The problem with NOT enabling/disabling the higher power regulator (feeding the radio) is that its quiescent current consumption might be hundreds of micro amps or even low milli amps and this will certainly deplete the battery.

  • \$\begingroup\$ Using two regulators would increase the design complexity too much and require additional board space as well. In this project we also have some size constraints. \$\endgroup\$ Aug 1, 2016 at 11:13
  • 2
    \$\begingroup\$ Well, a tiny linear regulator that feeds the micro will be... tiny of course because the micro's current will be so very much smaller that the regulator required for the radio. You asked for "optimum performance", "battery life" and "efficient results"! \$\endgroup\$
    – Andy aka
    Aug 1, 2016 at 11:22
  • \$\begingroup\$ Well that might be good design after all, I have already experimented with one TI buck converter which has an "enable" pin which enables the chip when driven low (perfect for using with one of the open collector i/o pin on the controller). \$\endgroup\$ Aug 1, 2016 at 11:25
  • \$\begingroup\$ You can easily get a SOT-23 regulator for the micro if it only needs a miliamp. \$\endgroup\$
    – pjc50
    Aug 1, 2016 at 12:35
  • \$\begingroup\$ Don't have the rep here to make such a small edit, but "microcontoller" in the first sentence should be "microcontroller" with an extra "r". As far as I'm concerned, feel free to flag this as obsolete after making the edit. \$\endgroup\$
    – user
    Aug 1, 2016 at 16:59

Look at the datasheets. This really should have been obvious.

The datasheets of linear regulators will tell you the quiescent current. The datasheets of buck regulators will tell you the quiescent current, and give some guide to likely efficiency. From these, you can figure out the overall efficiency and average power draw from the battery.

You also need to do some basic math. One obvious thing to determine is whether your biggest problem is the occasional but high power RF transmission, or the constant but low power idle current. There are 86,400 seconds in 24 hours. (1 A)(20 s)/(86,400 s) = 230 µA. That's the average current draw due to the radio transmissions. This means the 1 mA idle current dominates the total by over a factor of 4.

There is no substitute for looking at a few plausible alternatives and doing the math to see which one is more optimal. However, my hunch is a buck switcher with good idle characteristics. This would be something that has PWM/PFM switchover capability. Put another way, it doesn't just change the lengths of switching pulses at a fixed frequency, but at low power lengthens the time between pulses too.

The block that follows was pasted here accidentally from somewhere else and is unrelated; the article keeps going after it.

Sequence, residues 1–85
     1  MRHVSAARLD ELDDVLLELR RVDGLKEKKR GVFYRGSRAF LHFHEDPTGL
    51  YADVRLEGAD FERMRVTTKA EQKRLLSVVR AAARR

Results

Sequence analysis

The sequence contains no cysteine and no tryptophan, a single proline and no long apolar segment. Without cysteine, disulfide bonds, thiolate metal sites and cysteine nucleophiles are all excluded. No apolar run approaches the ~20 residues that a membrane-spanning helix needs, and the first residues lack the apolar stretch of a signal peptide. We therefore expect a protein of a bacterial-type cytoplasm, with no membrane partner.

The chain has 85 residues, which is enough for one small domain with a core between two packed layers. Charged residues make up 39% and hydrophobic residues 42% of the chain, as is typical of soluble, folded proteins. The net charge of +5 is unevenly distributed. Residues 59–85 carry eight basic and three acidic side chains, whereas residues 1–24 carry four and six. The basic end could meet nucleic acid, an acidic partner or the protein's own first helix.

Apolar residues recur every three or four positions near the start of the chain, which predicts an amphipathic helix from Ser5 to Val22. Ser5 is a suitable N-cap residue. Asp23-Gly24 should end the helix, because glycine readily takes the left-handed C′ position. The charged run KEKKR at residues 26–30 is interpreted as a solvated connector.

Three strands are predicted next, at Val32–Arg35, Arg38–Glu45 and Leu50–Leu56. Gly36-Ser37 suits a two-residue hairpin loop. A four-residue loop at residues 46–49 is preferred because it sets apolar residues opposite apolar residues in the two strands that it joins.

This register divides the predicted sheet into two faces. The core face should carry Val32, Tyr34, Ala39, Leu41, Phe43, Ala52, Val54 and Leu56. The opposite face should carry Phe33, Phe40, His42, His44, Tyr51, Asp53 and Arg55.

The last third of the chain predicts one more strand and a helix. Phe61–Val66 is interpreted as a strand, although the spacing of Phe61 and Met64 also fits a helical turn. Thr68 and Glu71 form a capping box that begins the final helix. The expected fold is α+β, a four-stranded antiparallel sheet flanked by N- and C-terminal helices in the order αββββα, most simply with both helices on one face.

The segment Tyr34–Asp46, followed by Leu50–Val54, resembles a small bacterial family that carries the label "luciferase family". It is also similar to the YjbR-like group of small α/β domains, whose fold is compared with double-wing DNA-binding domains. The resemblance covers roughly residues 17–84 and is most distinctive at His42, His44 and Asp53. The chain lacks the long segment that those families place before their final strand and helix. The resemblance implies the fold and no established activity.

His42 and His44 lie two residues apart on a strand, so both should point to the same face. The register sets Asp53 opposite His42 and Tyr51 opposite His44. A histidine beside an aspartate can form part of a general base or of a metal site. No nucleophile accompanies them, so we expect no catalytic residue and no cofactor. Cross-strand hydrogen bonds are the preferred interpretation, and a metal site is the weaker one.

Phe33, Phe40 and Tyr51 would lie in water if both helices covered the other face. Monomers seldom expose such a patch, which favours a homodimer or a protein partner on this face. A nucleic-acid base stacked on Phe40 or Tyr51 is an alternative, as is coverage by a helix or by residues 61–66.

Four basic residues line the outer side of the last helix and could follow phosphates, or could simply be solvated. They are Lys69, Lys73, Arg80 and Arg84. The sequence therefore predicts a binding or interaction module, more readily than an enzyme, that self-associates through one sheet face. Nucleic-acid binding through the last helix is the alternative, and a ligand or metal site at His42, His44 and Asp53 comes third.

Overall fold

• \$\begingroup\$ Thinking that "average current" way it would make sense to use the linear regulator setup. I'll have to dig around some of the regulator's datasheets. \$\endgroup\$ Aug 1, 2016 at 11:12
  • 1
    \$\begingroup\$ Another idea would be a constant-on-time hysteretic buck converter -- these give you the good idle characteristics "for free" along with wickedly fast load transient response \$\endgroup\$ Aug 1, 2016 at 11:41
  • \$\begingroup\$ @Three: Yes, basically any pulse on demand scheme will have good low power characteristics. Your "constant on time" is basically PFM mode. I don't see the need for hysteresis though. The advantage of a PWM/PFM chip is when high power is demanded, it goes to a high switching rate, but then has the capability of varying the pulse width instead. This is better for efficiency and other characteristics at the high power end. There are chips that do all this. All you need to do is hook up the inductor and a few other parts. \$\endgroup\$ Aug 1, 2016 at 11:48

With 7V input and 5V output the linear regulator will have to drop 2V, thus achieve an efficiency of about 62%, no matter the load.

Switching regulators have very good efficiency (>90%) at high loads, but will be very bad at lower loads. You’d have to look up the datasheets for real numbers but at a fraction of their maximum load they can easily drop below 50%. Their quiescent currents are often also quite high. There are some good switching regulators out there, you might find one which fits your requirements perfectly.